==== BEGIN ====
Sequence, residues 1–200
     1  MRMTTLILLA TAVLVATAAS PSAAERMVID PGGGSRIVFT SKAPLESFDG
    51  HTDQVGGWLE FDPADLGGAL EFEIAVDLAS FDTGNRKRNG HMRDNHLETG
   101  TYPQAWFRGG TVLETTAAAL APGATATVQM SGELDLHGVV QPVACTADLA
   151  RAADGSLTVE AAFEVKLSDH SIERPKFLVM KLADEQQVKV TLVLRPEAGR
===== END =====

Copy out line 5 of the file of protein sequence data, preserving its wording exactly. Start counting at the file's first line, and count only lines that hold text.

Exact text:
   151  RAADGSLTVE AAFEVKLSDH SIERPKFLVM KLADEQQVKV TLVLRPEAGR